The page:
As our planet warms, many species are shifting to different locations as their historical habitats become inhospitable. Trees are no exception, but their shift to new areas has been lagging behind those of other plants and animals. Now, scientists show that the reason for this lag might be found below ground. A study published in the journal Proceedings of the National Academy of Sciences shows that trees, especially those in the far north, may be relocating to soils that don’t have the fungal life to support them.

Most plants form belowground partnerships with mycorrhizal fungi, microscopic, filamentous fungi that grow in the soil and connect with plant roots to supply plants with critical nutrients in exchange for carbon. Most large coniferous trees in northern latitudes form relationships with a kind of mycorrhizal fungi called ectomycorrhizal fungi.

“Imagine trees and fungi as long-time dance partners who’ve been in step with each other, each providing what the other needs. But now, because of climate change, the music’s changing and their usual dance floor is disappearing,” said study co-author Kai Zhu, an ecologist at the Institute for Global Change Biology at the University of Michigan School for Environment and Sustainability.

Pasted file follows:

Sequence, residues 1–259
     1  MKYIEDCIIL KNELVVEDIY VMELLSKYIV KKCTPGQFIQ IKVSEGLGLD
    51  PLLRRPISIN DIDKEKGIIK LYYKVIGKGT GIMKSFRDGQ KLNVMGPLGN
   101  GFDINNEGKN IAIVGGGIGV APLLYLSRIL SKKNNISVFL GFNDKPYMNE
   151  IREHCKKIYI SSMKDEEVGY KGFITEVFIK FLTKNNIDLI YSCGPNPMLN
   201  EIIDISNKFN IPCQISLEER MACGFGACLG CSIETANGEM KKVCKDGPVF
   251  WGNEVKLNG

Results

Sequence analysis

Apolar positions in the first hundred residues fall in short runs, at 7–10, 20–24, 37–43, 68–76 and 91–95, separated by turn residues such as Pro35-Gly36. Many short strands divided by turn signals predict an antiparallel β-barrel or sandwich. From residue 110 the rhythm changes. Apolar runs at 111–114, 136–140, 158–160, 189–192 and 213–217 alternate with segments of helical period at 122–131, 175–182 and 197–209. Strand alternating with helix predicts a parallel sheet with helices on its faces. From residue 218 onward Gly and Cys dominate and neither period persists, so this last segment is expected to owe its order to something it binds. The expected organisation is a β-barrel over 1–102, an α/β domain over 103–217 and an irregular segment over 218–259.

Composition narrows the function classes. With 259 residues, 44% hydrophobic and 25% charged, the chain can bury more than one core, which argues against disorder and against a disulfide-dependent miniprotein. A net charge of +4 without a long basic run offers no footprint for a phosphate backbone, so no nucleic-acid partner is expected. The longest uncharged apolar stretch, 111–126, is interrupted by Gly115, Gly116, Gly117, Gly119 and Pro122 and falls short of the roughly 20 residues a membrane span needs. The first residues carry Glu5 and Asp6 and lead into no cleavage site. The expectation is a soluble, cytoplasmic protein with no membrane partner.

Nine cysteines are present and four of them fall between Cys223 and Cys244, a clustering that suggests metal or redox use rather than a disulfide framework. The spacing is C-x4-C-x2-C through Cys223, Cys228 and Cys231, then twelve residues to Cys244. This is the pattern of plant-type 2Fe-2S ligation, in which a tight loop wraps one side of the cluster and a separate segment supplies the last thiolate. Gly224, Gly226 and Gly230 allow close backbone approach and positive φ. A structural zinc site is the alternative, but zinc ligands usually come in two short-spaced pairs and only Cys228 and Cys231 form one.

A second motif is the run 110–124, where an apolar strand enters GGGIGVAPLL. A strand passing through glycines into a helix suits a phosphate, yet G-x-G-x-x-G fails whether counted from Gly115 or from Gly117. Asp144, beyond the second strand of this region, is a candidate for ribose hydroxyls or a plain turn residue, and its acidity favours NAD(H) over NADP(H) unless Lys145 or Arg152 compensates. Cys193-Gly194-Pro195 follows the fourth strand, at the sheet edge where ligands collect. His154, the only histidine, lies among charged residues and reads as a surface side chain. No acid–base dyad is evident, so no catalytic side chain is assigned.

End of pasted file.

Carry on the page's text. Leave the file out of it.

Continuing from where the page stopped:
“Some trees can’t meet their fungal partners at their new address. This could prevent new forests from growing where they are needed.

“In this new study, we’ve gone on a journey into the earth, using cutting-edge data science to map out these hidden fungal networks below,” Zhu added. “What we’ve found is concerning—as trees seek new grounds, some of the right fungi aren’t in the new places, leaving trees stranded.”

The mismatch between trees and their fungal partners isn’t just a problem for forests, noted Zhu. It affects everything that depends on forests for fresh air, clean water, and soaking up carbon from the atmosphere. To conserve these natural resources for future generations, he said, we must understand and protect these essential yet hidden partnerships between trees and soil fungi.

This research was funded by a National Science Foundation grant awarded to Kai Zhu and Kabir Peay.

Read the paper: PNAS

Article source: University of Michigan

Author: Kelcie Walther

Image: An ectomycorrhizal mushroom on the forest floor in Patagonia. Credit: SPUN/Mateo Barrenengoa